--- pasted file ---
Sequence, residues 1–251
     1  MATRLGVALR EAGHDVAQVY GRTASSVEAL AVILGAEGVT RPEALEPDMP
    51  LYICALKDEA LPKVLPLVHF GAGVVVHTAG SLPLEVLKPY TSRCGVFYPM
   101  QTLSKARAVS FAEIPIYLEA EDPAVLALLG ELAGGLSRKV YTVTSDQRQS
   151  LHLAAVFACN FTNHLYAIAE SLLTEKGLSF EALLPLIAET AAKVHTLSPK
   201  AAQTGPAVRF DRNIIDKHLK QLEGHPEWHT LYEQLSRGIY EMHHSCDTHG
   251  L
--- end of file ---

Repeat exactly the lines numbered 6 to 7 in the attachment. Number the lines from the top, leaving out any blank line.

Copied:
   201  AAQTGPAVRF DRNIIDKHLK QLEGHPEWHT LYEQLSRGIY EMHHSCDTHG
   251  L